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AT&T’s current 5G is slower than 4G in nearly every city tested by PCMag

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Enlarge / An AT&T sign and logo on Main Street during the Sundance Film Festival on January 23, 2020 in Park City, Utah.

Getty Images | Mat Hayward

AT&T smartphone users who see their network indicators switch from “4G” to “5G” shouldn’t necessarily expect that they’re about to get faster speeds. In PCMag’s annual mobile-network testing, released today, 5G phones connected to AT&T got slower speeds than 4G phones in 21 out of 22 cities.

PCMag concluded that “AT&T 5G right now appears to be essentially worthless,” though AT&T’s average download speed of 103.1Mbps was nearly as good as Verizon’s thanks to a strong 4G performance. Of course, AT&T 5G should be faster than 4G in the long run—this isn’t another case of AT&T misleadingly labeling its 4G network as a type of 5G. Instead, the disappointing result on PCMag’s test has to do with how today’s 5G phones work and with how AT&T allocates spectrum.

The counterintuitive result doesn’t reveal much about the actual differences between 4G and 5G technology. Instead, it’s reflective of how AT&T has used its spectrum to deploy 5G so far. As PCMag explained, “AT&T’s 5G slices off a narrow bit of the old 850MHz cellular band and assigns it to 5G, to give phones a valid 5G icon without increasing performance. And because of the way current 5G phones work, it often reduces performance.”

AT&T’s 4G network benefits from the aggregation of channels from different frequencies. “The most recent phones are able to assemble up to seven of them—that’s called seven-carrier aggregation, and it’s why AT&T won [the PCMag tests] last year,” the article said.

5G phones can’t handle that yet, PCMag analyst Sascha Segan wrote:

But 5G phones can’t add as many 4G channels to a 5G channel. So if they’re in 5G mode, they’re giving up 4G channels so they can use that extremely narrow, often 5MHz 5G channel, and the result is slower performance: faux G. For AT&T, using a 5G phone in testing was often a step backward from our 4G-only phone.

More specifically, “at locations with both 4G and 5G, our 5G phone was slower than our 4G phone in 21 out of 22 cities,” the article said. While AT&T 5G phones often accessed just 5MHz of spectrum, Segan wrote that his analysis shows it “takes at least 50MHz of dedicated 5G spectrum to make a real difference.”

The difference was stark in some cities. In Baltimore, where AT&T provided average speeds of 117.1Mbps, “kicking into 5G mode… reduc[ed AT&T’s] average download speeds by a shocking 61 percent across the city,” PCMag wrote.

T-Mobile 5G wasn’t always faster than 4G. In Austin, T-Mobile had the most 5G availability of any carrier, but “its 5G results were 17 percent slower than its 4G results at locations where both networks were available.”

PCMag has been testing mobile networks for 11 years and had to adjust how it reported results this year because of the curious 5G results, Segan noted on Twitter:

PCMag said it conducted tests with Samsung Galaxy S10 and S20 phones, chosen “because they offer the best 4G and 5G performance available, with the S20 supporting all the different types of 5G US carriers have to offer.”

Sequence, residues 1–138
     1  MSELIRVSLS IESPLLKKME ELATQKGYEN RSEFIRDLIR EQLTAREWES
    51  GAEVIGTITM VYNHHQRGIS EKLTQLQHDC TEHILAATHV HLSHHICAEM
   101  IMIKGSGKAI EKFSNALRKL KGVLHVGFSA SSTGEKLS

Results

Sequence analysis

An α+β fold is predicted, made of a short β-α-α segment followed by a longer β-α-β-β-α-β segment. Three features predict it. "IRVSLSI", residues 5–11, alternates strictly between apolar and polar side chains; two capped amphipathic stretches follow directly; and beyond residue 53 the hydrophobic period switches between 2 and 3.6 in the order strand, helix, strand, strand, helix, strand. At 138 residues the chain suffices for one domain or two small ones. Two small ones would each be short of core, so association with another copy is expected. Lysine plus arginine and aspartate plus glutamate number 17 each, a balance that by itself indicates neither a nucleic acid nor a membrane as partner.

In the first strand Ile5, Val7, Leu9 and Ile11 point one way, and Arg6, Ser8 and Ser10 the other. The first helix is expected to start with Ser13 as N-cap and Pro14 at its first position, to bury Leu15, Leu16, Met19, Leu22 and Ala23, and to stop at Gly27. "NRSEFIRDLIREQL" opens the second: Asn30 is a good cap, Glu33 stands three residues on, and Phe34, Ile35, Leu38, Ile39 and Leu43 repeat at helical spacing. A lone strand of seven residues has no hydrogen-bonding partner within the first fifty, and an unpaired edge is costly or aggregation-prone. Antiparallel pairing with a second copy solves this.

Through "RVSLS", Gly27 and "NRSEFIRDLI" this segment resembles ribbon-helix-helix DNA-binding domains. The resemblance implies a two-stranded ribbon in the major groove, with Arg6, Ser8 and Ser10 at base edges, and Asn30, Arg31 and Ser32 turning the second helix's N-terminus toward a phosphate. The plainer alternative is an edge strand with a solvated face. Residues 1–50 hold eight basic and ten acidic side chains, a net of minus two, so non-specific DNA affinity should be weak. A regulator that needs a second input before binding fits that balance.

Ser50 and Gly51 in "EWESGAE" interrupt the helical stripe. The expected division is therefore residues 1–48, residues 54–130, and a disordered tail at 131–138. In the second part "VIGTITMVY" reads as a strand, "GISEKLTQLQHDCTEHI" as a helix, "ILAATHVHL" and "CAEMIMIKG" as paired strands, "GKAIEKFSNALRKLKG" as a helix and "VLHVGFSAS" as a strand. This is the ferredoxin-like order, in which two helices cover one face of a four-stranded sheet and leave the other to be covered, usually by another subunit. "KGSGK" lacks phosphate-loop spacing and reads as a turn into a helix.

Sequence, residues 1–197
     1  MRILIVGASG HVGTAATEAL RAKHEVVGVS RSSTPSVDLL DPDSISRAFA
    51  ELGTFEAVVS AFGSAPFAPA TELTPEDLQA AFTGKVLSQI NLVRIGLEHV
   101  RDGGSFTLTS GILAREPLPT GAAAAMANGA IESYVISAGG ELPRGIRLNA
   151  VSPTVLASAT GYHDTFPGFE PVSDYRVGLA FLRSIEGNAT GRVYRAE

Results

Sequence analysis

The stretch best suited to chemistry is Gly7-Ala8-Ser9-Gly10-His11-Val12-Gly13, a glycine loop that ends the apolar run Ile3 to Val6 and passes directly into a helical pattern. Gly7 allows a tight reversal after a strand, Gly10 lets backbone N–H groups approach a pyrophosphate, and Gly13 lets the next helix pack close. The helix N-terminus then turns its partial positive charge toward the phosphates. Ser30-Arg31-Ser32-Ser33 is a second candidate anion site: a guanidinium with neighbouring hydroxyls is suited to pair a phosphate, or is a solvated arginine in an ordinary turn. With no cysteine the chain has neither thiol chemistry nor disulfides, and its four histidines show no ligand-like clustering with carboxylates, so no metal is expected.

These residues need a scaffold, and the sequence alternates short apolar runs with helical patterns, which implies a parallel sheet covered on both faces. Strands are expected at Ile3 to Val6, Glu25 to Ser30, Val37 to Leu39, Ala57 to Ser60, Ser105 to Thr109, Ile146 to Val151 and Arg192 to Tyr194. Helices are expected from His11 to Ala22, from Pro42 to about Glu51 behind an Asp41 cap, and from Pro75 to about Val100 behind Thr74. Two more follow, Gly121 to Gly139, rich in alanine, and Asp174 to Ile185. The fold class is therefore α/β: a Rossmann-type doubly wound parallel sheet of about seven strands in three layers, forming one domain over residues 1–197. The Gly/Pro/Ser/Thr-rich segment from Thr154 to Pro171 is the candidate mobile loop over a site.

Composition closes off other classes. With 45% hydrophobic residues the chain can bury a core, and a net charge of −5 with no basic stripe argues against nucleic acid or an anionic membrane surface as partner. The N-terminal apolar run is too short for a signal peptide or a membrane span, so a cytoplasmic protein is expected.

AT&T said early 5G would be similar to 4G

We asked AT&T if it plans any changes, such as assigning more than 5MHz to the 5G channel or switching phones back to 4G when it’s the fastest option, and will update this article if we get a response.

In November 2019, AT&T said its early 5G deployments on the 850MHz band would only offer speeds that are similar to LTE-Advanced, a form of 4G that AT&T has misleadingly called “5GE” or “5G Evolution.”

Despite the 5G slowdown in PCMag tests, AT&T’s strong 4G performance helped it achieve an average download speed of 103.1Mbps, ahead of T-Mobile’s 74Mbps and behind Verizon’s 105.1Mbps. AT&T also provided speeds above 10Mbps in 95 percent of tests, the highest of the three carriers. PCMag testers were able to get an AT&T 5G signal 38 percent of the time, compared to T-Mobile’s 54 percent and Verizon’s 4 percent. (Verizon 5G uses only millimeter-wave spectrum that has a much smaller reach than low- and mid-band spectrum.)

AT&T won the overall speed title in 12 out of 26 cities, compared to 13 for Verizon and one for T-Mobile. AT&T offers 5G in 22 of the 26 cities tested.

PCMag didn’t test rural areas this year because it had to adjust procedures for the pandemic. Instead of a travel schedule involving flights, rental cars, and hotels, PCMag said it hired “two dozen drivers to each test their own cities.”

Verizon 5G network “mind-blowing” but tiny

The lack of rural tests means the averages found by PCMag are likely higher than the nationwide reality. OpenSignal, which relies on user-initiated speed tests, recently found average download speeds of 32.6Mbps for AT&T, 28.2Mbps for T-Mobile, 27.4Mbps for Verizon, and 25.4Mbps for T-Mobile subsidiary Sprint. Those speeds include all networks, not just 5G.

OpenSignal found average 5G speeds of 494.7Mbps for Verizon, 60.8Mbps for AT&T, and about 49Mbps for both T-Mobile and Sprint.

PCMag and OpenSignal tests agree that Verizon’s 5G network is the hardest one to find. Users of OpenSignal’s speed-test app were able to get a Verizon 5G signal just 0.4 percent of the time, compared to 22.5 percent for T-Mobile, 14.1 percent for Sprint, and 10.3 percent for AT&T.

“Verizon’s 5G is often mind-blowing, but very difficult to find,” PCMag wrote. Though it can offer “speeds up to 2Gbps and latencies well under 10ms,” Verizon 5G was often available in only two or three percent of locations in individual cities.

Verizon 5G’s ultra-high speed and sparse availability are not surprising because it uses the 28GHz spectrum band, which offers plenty of capacity but without the ability to cover long distances or penetrate walls and other obstacles. AT&T and T-Mobile 5G use the same low-band spectrum bands they use for 4G, ensuring wider coverage but without huge speed boosts.

Check out Ars’ Jim Salter’s recent features for more technical details on how 5G works today and how it will evolve.

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Twitter deal leaves Elon Musk with no easy way out